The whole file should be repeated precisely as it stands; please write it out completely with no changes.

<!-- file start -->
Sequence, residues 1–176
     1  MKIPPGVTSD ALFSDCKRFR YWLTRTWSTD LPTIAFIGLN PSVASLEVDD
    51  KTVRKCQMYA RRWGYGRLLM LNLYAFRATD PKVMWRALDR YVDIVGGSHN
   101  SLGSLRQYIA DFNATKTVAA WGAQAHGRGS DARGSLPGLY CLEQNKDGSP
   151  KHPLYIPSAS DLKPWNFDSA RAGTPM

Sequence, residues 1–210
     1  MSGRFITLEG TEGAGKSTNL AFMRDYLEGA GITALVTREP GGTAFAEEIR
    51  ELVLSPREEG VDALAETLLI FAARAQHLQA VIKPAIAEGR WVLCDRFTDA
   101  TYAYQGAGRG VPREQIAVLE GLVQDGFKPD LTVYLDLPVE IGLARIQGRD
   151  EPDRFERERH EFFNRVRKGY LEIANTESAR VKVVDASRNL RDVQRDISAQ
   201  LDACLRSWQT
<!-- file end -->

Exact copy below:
Sequence, residues 1–176
     1  MKIPPGVTSD ALFSDCKRFR YWLTRTWSTD LPTIAFIGLN PSVASLEVDD
    51  KTVRKCQMYA RRWGYGRLLM LNLYAFRATD PKVMWRALDR YVDIVGGSHN
   101  SLGSLRQYIA DFNATKTVAA WGAQAHGRGS DARGSLPGLY CLEQNKDGSP
   151  KHPLYIPSAS DLKPWNFDSA RAGTPM

Sequence, residues 1–210
     1  MSGRFITLEG TEGAGKSTNL AFMRDYLEGA GITALVTREP GGTAFAEEIR
    51  ELVLSPREEG VDALAETLLI FAARAQHLQA VIKPAIAEGR WVLCDRFTDA
   101  TYAYQGAGRG VPREQIAVLE GLVQDGFKPD LTVYLDLPVE IGLARIQGRD
   151  EPDRFERERH EFFNRVRKGY LEIANTESAR VKVVDASRNL RDVQRDISAQ
   201  LDACLRSWQT